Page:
Mu (voltage gain), Gm (transconductance) and Rp (plate resistance) are the three electrical characteristics that make up the overall electrical characteristics for a vacuum tube. . There is much confusion in the audiophile community about these factors as they affect tubes and their performance in components. Written by world-renowned amplifier, Roger Modjeski, this article, will look at what each of these characteristics mean, how they are measured and what each of them means to the sound of a component. We will also look at tube testing, tube matching and which characteristics are most important when matching tubes for a given circuit.
How these measurements are applied and their relevance differs for triodes and pentodes. Triodes and pentodes both possess the characteristics Gm (transconductance) and Mu (voltage gain). However what is important in triodes is Mu and what is important in pentodes is Gm as these parameters are the dominant characteristics affecting performance when each is used in a typical circuit.
Triodes have an interesting relationship where two parameters relate to make a third. These parameters are locked into a relationship so that knowing any two will yield the third. Just like ohm's law. In the case of triodes, Mu = Gm x Rp. Gm has the units of mhos, (amps per volt) and Rp has the units of ohms (volts per amp) and when multiplied their units cancel, making MU (a measure of voltage gain) unit-less as it should be. A Mu of 30 means that what goes in comes out 30 times bigger.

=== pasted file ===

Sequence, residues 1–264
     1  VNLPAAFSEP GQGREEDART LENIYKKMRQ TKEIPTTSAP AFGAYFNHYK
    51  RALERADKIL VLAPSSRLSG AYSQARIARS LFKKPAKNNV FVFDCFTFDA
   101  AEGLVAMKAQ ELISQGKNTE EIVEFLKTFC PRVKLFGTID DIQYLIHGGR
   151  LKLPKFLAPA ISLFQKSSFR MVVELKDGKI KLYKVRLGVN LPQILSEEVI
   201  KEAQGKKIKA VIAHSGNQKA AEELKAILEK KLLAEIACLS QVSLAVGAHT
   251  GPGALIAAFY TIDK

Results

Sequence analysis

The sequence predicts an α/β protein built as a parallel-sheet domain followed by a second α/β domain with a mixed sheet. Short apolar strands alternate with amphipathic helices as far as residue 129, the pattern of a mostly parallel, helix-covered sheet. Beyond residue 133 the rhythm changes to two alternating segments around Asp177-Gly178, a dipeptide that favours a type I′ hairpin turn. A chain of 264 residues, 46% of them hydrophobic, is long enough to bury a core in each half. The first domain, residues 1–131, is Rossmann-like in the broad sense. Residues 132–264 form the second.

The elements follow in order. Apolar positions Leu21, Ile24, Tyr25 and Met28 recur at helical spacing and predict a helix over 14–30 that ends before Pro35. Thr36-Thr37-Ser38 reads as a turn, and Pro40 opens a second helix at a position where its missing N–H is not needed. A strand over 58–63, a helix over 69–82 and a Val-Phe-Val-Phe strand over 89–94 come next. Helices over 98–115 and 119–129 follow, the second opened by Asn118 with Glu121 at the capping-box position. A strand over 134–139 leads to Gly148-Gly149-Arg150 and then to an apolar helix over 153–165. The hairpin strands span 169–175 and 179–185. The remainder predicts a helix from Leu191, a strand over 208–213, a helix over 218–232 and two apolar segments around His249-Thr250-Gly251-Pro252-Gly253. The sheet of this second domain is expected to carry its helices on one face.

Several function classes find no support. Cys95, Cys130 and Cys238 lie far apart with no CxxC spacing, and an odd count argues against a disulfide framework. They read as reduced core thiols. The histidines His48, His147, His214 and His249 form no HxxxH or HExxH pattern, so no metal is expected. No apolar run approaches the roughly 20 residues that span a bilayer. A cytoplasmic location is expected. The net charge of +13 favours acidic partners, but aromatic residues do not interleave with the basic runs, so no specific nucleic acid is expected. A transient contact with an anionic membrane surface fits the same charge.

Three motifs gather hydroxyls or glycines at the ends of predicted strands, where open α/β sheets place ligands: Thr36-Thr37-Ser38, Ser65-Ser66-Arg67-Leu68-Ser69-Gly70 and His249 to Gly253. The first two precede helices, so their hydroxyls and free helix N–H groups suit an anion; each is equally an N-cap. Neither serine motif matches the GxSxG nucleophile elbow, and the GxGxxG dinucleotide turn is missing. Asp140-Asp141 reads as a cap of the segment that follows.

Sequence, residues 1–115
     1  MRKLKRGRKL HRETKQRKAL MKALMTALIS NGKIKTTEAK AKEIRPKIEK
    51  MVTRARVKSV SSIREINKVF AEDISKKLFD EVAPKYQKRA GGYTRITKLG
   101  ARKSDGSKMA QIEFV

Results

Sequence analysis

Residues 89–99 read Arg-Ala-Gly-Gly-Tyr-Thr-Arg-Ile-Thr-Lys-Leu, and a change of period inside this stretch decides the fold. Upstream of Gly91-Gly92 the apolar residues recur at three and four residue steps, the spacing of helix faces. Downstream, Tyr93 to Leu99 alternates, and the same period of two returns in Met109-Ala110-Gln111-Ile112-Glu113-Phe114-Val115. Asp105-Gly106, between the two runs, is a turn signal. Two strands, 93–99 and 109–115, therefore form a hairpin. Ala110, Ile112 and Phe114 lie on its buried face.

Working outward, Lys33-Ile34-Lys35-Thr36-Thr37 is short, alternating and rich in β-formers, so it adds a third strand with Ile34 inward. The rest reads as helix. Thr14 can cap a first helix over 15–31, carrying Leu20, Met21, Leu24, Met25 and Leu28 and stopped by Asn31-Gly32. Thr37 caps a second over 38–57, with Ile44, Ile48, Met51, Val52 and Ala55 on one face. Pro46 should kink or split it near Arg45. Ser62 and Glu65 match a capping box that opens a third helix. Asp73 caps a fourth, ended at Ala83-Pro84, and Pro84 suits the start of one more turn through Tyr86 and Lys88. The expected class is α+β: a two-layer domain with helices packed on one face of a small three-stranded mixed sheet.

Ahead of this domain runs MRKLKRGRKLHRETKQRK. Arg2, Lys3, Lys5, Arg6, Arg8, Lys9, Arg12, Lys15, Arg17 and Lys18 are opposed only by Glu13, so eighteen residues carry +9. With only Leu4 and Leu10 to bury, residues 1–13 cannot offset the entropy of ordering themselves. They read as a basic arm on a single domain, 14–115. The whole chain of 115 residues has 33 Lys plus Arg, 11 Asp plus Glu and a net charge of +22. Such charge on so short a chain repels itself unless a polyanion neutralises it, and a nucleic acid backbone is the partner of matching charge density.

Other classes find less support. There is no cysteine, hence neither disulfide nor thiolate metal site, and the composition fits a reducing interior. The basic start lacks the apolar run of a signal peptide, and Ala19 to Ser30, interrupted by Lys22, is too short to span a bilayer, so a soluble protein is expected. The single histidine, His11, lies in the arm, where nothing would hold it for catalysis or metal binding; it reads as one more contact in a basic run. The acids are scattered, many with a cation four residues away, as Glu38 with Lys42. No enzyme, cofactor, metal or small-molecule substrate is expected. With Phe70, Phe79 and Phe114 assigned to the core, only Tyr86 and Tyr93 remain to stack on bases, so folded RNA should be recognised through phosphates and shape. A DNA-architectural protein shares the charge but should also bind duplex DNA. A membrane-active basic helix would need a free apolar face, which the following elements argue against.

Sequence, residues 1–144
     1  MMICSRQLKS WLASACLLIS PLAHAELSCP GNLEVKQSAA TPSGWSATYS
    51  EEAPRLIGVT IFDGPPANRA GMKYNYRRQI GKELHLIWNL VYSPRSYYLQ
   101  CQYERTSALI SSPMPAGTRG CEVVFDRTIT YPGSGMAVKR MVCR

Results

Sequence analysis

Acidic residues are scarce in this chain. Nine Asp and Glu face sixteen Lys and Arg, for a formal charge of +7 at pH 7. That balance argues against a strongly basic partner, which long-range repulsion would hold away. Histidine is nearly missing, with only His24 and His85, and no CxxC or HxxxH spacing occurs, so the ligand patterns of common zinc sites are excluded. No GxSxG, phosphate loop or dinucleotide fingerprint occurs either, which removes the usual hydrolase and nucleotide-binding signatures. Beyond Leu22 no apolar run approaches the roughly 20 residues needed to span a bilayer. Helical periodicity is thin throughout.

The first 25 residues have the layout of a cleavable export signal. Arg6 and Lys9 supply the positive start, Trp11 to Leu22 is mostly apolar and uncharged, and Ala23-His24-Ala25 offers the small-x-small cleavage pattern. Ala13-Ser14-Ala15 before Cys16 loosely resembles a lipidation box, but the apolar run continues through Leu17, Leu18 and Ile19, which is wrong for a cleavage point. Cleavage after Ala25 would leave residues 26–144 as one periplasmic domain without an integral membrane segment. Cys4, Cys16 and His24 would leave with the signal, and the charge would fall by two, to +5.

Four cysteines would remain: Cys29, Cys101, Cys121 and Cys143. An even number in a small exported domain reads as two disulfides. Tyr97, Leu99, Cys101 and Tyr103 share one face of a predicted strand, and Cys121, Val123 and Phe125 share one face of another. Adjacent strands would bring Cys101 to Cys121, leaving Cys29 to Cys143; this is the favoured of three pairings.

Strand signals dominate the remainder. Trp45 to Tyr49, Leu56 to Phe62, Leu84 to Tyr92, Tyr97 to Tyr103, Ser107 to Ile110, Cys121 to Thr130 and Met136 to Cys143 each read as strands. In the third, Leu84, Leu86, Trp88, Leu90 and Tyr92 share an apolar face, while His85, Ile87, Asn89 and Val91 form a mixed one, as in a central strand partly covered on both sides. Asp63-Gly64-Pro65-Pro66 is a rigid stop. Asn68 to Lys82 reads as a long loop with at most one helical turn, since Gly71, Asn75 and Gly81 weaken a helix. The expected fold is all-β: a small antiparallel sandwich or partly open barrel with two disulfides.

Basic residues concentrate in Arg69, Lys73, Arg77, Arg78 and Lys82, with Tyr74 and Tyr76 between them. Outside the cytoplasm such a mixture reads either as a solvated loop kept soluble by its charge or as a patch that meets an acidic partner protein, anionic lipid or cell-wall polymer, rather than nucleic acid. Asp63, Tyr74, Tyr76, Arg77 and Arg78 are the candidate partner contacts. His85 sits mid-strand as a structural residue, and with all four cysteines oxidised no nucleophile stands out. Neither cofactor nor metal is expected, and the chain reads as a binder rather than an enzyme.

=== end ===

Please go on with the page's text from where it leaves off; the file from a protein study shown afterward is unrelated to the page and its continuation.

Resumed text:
Triodes are most widely used for voltage amplification in our preamps. Here, Mu (voltage gain) is the more important parameter to measure and most directly affects what you hear. If you have a tube with a Mu of 30 in one channel and a MU of 33 in the other, you will have a 1-dB imbalance in your preamp. So letís say you get two triodes matched for Gm. There is no assurance that these tubes will have equal voltage gain. Voltage gain (Mu) is the product of Gm and Rp. So if Gm is matched to, get matched Mu (the important characteristic in this circuit) Rp must be matched also and Rp is almost never measured. So as you can see although the famous Hickock tube testers are sought for their ability to measure Gm, this was more of a marketing ploy and less useful for real-world testing. If the vendor measuring Gm would give you the Rp then you could calculate the Mu by simple multiplication. The reason you don't get the Rp data is that it is hard to measure and no commercial tube tester ever measured it.
Modern audiophiles are more concerned about "matching" than ever before. They want everything to be matched, though they rarely know what it should be matched for. This is a dangerous situation as many of you are buying because the vendor says it is matched, though it may or may not be matched for something unimportant while something important is not matched. Gm and MU are a perfect example.
Rp or plate resistance is the second most important parameter as it directly affects the output impedance of the preamp. Circuit designers are looking at Mu primarily, Rp next and we hardly care about Gm at all. Why then do most vendors measure Gm and Gm alone? Because most testers only measure Gm! No commercial tester ever measured Mu either. And even the Hickock, treasured for measuring Gm, doesnít measure it meaningfully (due to current dependency), accurately (due to calibration difficulties) or consistently (due to internal circuit drift).